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Tuesday, Dec. 21, 2010
HAVE YOUR SAY
Deadbeat dads, navy abuse case, visas and Futenma: readers' views
The other side of the fence
Re: "Japan must end the scourge of parental child abduction" by Amy Savoie (Hotline to Nagatacho, Nov. 9):
Just a thought from the other side of the fence:
What has the U.S. government — or any government for that matter — done for the mothers and children of the deadbeat dads that up and leave the families when things get to complicated with a Japanese wife in Japan, or when they figure out that living with a Japanese national in the States is too much of a hassle?
The divorce rate among American- Japanese couples is disgustingly high, and child support and alimony is hardly ever given and offered. What do you expect mothers to do when they are faced with these type of issues?
The articles on the major U.S. news websites, your site and the embassy home page exaggerate the small amount of "real abduction" cases. Mothers do not take their children away from their fathers unless they feel it is necessary.
These so-called "fathers" tell the side of the story that we Americans want to hear: Poor American father trying to be a father now, when they were not husbands first.
I know that all cases are not the same, but why would a Japanese national just up and leave all personal belongings, and face humiliation back in Japan with a gaijin child without a father, just to go back to Japan?
Why, because most of the fathers are not making the effort to make life for the Japanese spouse bearable in the States.
I assume that in most cases this is the reason. But, again, you only hear one side of the story; only the parents and God know the real truth behind family matters.
I can speak about this issue because I am a half-American, half-Japanese who lived in the States until I was 15, but had a deadbeat dad and had no other choice but to come to Japan with my mom. My biological father has never looked me up since.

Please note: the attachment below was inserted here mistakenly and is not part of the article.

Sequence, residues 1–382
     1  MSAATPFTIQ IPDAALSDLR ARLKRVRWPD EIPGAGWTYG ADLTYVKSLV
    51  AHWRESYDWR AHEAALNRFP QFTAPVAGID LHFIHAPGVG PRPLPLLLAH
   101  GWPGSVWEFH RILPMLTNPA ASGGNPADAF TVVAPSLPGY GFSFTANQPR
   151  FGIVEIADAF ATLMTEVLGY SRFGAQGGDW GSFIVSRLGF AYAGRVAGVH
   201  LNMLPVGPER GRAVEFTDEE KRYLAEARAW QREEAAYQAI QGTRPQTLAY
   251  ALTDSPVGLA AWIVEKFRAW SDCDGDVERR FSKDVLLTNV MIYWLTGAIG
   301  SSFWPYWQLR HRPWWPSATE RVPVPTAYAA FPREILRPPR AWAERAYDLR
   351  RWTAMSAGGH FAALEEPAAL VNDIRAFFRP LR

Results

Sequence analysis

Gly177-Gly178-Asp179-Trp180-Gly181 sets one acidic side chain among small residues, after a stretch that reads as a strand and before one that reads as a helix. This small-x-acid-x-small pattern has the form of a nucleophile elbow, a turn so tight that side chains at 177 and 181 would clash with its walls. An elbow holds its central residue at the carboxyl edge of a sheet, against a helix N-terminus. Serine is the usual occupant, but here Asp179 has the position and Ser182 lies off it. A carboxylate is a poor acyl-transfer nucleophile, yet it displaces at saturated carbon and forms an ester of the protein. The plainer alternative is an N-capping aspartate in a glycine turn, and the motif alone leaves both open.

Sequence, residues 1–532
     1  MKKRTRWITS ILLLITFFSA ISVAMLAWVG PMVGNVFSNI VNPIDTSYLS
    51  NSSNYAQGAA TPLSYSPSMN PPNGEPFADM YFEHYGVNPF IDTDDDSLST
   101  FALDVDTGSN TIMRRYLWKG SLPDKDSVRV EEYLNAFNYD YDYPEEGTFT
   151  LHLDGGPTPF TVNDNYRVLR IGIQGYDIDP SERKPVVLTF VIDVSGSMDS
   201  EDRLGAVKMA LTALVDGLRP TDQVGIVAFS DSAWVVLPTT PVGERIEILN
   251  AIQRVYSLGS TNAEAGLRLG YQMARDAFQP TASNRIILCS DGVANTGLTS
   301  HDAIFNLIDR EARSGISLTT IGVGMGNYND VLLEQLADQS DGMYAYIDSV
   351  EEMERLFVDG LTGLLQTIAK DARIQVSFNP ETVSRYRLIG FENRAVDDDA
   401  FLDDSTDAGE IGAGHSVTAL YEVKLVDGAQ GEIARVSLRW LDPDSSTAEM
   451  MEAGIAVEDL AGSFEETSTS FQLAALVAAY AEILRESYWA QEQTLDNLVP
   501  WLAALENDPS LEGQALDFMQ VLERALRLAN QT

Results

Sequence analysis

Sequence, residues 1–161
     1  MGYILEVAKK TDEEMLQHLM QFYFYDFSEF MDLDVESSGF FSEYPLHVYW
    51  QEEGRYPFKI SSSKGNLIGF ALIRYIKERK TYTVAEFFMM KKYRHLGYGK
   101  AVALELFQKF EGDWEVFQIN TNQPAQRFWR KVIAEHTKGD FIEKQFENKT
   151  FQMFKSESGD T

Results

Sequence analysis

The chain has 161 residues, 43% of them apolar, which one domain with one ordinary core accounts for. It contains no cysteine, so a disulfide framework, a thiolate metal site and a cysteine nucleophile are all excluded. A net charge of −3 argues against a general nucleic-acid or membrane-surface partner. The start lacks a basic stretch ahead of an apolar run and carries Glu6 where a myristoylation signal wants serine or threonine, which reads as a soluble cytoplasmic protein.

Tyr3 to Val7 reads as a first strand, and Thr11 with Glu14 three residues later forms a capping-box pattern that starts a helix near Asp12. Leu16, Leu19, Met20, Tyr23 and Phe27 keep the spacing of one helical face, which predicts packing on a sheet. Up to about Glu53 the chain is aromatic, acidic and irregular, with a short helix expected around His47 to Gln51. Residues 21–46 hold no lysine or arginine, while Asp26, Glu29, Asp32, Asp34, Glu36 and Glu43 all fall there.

I went to high school with many other mixed-race people with the same background. More people share my hardships, and I can bet we outnumber the "real" abduction cases 1,000 times over.
So, to get back to my question: Can we get the Japanese government to press the rest of the world to start taking care of the children in all divorce cases?
OLEN JASON LOFTIS
Worst time of our lives
Re: "Muslims in shock over police 'terror' leak" by David McNeill (Zeit Gist, Nov. 9):
Muslims are not the only people picked on here in Japan, and complaining, I fear, will accomplish nothing.
But that's not why I am sending this mail. This part of the article should be commented on:
"Bakkali Said, for example, who works as a chauffeur for the Iraqi Embassy in Tokyo, says the special police approached him after he forgot to renew his residence visa in 2007 — a common error among foreigners here, usually solved with a handwritten apology."
A handwritten apology?
I overstayed my visa one Friday, went down to the immigration office on Tuesday and spent the next eight months in hell, visiting the Shinagawa office every week and supplying bank books, photos of myself and my wife, being interviewed separately — we were literally interrogated.
My wife and I had just been married, my family was here and I had a lot on my plate. I made a mistake on the day of the month I should have handed in my papers.
Immigration requested I deport myself, and when my wife — who at the time was still studying to be a nurse — started crying, they told her to quit school and go with me. I spoke little Japanese at the time and not once was a translator offered.
I spoke to a lawyer and he said I was screwed, and that if I wanted to stay, my family was going to have to support me until the visa came through (which would take anywhere from three months to three years).
Leaving would confirm my guilt, and I could be barred from Japan for 15 or more years. So I stayed, worked illegally (a man has to eat) and waited until the visa finally came. It was the most difficult time of both of our lives.
That was over five years ago now, and I am still terrified some immigration officer may have a bad day and make an example of me.